Barry’s research interests include applications of density function theory to study various condensed matter physics problems, monte carlo and molecular dynamic simulations of complex fluids, and machine learning approaches to study various engineering processes. He uses his vast background in theoretical physics and the computational sciences to help students think critically about the role that mathematics plays in engineering and the sciences. He hopes to spark their interest in mathematics, present current research problems and topics in his classroom, and provide a learning environment that facilitates meaningful learning.
Grace Kennedy, Ph.D.
K. Grace Kennedy attended college at The University of the South, informally known as Sewanee, where she majored in mathematics and French literature. Then she received her masters in mathematics from the Université de Picardie in Amiens, France. Kennedy finished her PhD in topology at the University of California, Santa Barbara this summer where she was also nominated by one of her students for the Graduate Student Association Excellence in Teaching Award. She is excited to join the faculty at Wentworth Institute of Technology this fall. Early June, Kennedy was notified that she was accepted as a Project NExT fellow and will participate in Project NExT activities in the coming years.
At UCSB, Kennedy wrote her dissertation in knot theory on a new algorithm for calculating the multivariate Alexander polynomial on tangles. In the future, she is interested in understanding the relationship of this research to the representation theory of Lie algebras and quantum Lie groups. With her PhD, Kennedy was also awarded the Certificate of College and University Teaching.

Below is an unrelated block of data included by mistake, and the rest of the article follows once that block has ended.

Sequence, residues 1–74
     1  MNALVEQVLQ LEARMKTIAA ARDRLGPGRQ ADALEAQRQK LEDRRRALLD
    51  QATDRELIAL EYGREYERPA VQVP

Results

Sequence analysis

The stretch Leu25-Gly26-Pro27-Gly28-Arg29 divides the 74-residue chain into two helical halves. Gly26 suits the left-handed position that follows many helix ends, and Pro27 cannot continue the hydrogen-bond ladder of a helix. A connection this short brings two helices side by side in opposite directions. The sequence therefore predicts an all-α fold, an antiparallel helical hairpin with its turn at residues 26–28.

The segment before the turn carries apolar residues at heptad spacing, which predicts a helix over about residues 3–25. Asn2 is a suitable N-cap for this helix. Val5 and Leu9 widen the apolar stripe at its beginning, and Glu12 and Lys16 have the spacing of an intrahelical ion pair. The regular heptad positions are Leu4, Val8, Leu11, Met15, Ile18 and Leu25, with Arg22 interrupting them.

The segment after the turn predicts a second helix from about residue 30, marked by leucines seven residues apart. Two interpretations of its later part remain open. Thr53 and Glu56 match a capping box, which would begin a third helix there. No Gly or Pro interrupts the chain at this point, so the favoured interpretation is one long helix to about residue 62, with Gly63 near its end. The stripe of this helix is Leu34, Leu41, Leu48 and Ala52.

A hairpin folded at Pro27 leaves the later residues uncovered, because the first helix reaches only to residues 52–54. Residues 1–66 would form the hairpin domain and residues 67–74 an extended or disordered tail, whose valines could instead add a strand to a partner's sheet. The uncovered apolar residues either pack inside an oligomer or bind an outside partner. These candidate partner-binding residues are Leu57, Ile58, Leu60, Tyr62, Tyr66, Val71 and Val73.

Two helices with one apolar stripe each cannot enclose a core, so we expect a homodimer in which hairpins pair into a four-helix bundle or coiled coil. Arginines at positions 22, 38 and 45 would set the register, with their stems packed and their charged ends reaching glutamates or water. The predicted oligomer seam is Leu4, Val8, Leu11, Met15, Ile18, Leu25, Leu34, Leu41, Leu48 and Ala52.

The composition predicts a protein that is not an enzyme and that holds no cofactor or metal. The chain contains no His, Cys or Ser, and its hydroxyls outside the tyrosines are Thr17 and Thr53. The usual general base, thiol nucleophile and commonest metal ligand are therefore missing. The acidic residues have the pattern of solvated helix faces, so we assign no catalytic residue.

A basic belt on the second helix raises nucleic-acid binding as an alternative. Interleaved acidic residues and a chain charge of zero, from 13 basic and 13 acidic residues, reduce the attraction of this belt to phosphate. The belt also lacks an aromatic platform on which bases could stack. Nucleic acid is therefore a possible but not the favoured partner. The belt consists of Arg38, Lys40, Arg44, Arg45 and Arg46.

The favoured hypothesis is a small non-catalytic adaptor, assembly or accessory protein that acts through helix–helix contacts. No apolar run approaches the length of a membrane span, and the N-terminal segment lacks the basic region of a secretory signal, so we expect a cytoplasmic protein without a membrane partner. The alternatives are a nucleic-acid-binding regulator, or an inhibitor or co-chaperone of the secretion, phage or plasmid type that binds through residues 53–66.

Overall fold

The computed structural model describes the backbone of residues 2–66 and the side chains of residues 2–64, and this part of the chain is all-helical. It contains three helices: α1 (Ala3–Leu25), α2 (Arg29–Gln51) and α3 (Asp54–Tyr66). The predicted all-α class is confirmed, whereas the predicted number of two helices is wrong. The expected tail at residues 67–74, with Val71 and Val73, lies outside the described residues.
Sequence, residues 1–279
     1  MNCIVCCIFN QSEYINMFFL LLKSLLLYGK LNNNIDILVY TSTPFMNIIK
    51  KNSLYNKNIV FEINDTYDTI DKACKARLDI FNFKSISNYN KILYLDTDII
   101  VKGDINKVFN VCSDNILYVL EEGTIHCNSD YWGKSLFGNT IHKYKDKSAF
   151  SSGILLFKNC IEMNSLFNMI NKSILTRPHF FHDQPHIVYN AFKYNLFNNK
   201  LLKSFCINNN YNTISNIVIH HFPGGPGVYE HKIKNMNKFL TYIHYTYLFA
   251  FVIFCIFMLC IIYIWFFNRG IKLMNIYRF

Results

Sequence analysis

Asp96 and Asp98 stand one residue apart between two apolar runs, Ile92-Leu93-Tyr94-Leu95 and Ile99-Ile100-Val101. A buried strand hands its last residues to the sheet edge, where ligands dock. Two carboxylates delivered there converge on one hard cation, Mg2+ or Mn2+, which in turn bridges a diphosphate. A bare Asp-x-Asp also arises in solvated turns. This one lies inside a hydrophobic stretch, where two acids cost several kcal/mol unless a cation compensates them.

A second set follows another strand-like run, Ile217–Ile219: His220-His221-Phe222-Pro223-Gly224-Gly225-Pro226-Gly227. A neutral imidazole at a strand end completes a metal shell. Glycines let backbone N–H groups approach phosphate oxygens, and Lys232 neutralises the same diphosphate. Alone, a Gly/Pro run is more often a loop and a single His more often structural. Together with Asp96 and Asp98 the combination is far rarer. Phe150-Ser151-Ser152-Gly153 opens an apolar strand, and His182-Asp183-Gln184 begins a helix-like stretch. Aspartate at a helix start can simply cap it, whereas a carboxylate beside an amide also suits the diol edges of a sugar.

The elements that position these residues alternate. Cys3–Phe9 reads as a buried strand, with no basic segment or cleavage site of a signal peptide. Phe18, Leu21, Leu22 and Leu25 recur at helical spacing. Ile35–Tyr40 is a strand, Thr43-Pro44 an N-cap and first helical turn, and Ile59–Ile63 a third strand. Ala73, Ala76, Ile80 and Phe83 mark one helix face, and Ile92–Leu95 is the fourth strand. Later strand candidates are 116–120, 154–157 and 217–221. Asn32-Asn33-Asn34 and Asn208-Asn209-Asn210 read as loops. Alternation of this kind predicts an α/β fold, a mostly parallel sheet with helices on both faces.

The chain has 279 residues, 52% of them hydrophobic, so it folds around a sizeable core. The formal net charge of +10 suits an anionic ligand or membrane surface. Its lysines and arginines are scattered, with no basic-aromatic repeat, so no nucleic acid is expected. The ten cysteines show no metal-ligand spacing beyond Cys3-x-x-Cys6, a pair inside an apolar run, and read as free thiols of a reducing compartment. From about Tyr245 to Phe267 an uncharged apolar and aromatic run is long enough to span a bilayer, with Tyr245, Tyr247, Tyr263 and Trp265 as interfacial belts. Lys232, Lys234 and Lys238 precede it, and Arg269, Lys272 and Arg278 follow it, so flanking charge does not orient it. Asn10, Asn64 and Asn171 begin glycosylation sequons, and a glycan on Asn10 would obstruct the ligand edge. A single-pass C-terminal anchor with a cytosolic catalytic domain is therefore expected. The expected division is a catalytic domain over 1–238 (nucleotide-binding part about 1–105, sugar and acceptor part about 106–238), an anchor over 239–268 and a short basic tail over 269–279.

Rachel Lash Maitra, Ph.D.
Rachel Lash Maitra comes to Wentworth from Albion College, where she was Visiting Assistant Professor in the Department of Physics. Previously she was a postdoctoral researcher in quantum gravity at Utrecht University (The Netherlands).
Maitra's research concerns the quantization of gauge theories such as those used to describe the strong nuclear force as well as general relativity. With collaborators, she has applied new series expansion techniques to nonlinear problems in quantum mechanics, and extended these methods to scalar field theories. Current work involves the construction of a series expansion for a ground state in Yang-Mills theory. Maitra also works on quantum cosmological models as a means of obtaining insights into quantized general relativity. She earned her PhD in mathematics from Yale University.
Mark Mixer, Ph.D.
Mark Mixer earned his Ph.D. in Mathematics from Northeastern University in 2010, and a B.A. from Dartmouth College in 2003. After receiving his doctorate, he worked as a post-doctoral fellow at l'Université libre de Bruxelles in Belgium and then at the Fields Institute in Toronto where he specialized in discrete mathematics, including combinatorics, graph theory, group theory, and geometry. Last year he returned to Massachusetts to teach at Williams College in the Berkshires. He is excited to be back in Boston, and looks forward to working with the Wentworth students in the 2013-2014 year.